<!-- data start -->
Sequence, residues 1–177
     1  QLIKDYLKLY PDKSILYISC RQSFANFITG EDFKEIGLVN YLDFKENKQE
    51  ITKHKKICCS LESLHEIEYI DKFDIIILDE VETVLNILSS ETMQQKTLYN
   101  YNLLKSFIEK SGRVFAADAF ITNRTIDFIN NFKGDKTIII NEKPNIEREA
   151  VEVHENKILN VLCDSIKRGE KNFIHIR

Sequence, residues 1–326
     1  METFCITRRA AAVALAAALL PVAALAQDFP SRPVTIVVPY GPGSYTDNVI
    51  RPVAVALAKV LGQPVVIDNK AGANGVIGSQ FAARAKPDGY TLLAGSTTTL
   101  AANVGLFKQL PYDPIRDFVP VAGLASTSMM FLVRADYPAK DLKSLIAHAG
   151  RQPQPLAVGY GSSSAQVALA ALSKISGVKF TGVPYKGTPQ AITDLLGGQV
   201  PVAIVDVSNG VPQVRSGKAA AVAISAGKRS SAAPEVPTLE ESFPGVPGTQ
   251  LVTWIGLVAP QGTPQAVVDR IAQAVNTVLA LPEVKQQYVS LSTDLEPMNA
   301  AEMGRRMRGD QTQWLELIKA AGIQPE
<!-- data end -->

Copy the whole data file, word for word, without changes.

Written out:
Sequence, residues 1–177
     1  QLIKDYLKLY PDKSILYISC RQSFANFITG EDFKEIGLVN YLDFKENKQE
    51  ITKHKKICCS LESLHEIEYI DKFDIIILDE VETVLNILSS ETMQQKTLYN
   101  YNLLKSFIEK SGRVFAADAF ITNRTIDFIN NFKGDKTIII NEKPNIEREA
   151  VEVHENKILN VLCDSIKRGE KNFIHIR

Sequence, residues 1–326
     1  METFCITRRA AAVALAAALL PVAALAQDFP SRPVTIVVPY GPGSYTDNVI
    51  RPVAVALAKV LGQPVVIDNK AGANGVIGSQ FAARAKPDGY TLLAGSTTTL
   101  AANVGLFKQL PYDPIRDFVP VAGLASTSMM FLVRADYPAK DLKSLIAHAG
   151  RQPQPLAVGY GSSSAQVALA ALSKISGVKF TGVPYKGTPQ AITDLLGGQV
   201  PVAIVDVSNG VPQVRSGKAA AVAISAGKRS SAAPEVPTLE ESFPGVPGTQ
   251  LVTWIGLVAP QGTPQAVVDR IAQAVNTVLA LPEVKQQYVS LSTDLEPMNA
   301  AEMGRRMRGD QTQWLELIKA AGIQPE